Tuesday, May 16, 2017

De Leidse Koorboeken. (The Leiden Choirbooks) Part 2, CD 2.

New acquisition.
Bought in 2017.
First listen: 16-5-2017.
Second listen: 19-10-2017.
Label: Etcetera.
CD 2 from 2.
Recording dates: February 2011.
Recording venue: Laurentiuskerk Mijnsheerenland, The Netherlands.
Recording engineer: Tom Dunnebier.
Running time: 79:27.
Relevance to me: Essential.

Composers on this disc:
Clemens non Papa.
Joachimus de Monte.
Anonymous works.

Performed by:
Egidius Kwartet & College.

Every CD brings us nearer to perfection in terms of choral balance, applying the right dynamics, getting a deep spiritual expression, resulting in a sonorous and well defined virtuosity. On this disc sensitivity is very much in evidence, and they are squeezing out every ounce of spiritual depth.
Their movement is mellifluous, and all voices tend to be in harmony. All works are ornamented with filigree care, and that might be called a small miracle being an ad hoc ensemble. And despite that perfection there are a few things that I noticed, and one of them was distinctly unpleasant and ruining for a moment the equilibrium of Clemens non Papa's Magnificat quarti thoni a 4. (Track 4) I am referring to the Altus Peter de Groot, who is yet again responsible for beginning two or three sentences with a loud and penetrating voice, pushing out all others. This startled me in such a way that my contemplative mood was shocked out of countenance in an instance, literally! Totally unnecessary and damaging. He does that again in Track 11, "Pange lingua" be it not so drastic. If I have to point to a weak member of this ensemble, he surely is. But it must be said, if he keeps his voice in check he sounds marvelous like in the anonymous piece, "Iam bone pastor", Track 2. In Track 11 "Tantum ergo" the 4 females sing at full blast and too loud. A pity that they did not listen at each other and adjust the dynamics and volumes accordingly. It is a bit out of synch, at least for me. I had a hard time hearing the males in this piece, and that is never a good sign. But my conclusion is one of great joy, that this project is getting better on every volume, and that we hear marvelous music in such high quality. Despite my reservations this is a great success, and I am looking forward to the other volumes. The sound is almost perfect.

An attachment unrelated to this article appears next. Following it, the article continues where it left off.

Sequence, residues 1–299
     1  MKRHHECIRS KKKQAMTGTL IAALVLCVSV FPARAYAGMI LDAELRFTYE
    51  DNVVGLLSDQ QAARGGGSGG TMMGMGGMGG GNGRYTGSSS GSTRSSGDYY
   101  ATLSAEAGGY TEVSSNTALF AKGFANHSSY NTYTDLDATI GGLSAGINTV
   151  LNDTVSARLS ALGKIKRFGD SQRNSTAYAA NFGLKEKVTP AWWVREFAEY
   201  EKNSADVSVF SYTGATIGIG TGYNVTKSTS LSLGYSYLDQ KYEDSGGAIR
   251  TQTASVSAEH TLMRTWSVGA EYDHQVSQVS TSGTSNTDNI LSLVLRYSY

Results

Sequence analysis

Tartini, Giuseppe.(1692-1770) The Complete Violin Concertos. CD 20-29.

New acquisition. (2017) First listen: 18-20-4-2018 Label: Dynamic. CD 20-29 from 29. Recording dates: 2004/2005/2006/2007/2008.2009/2010...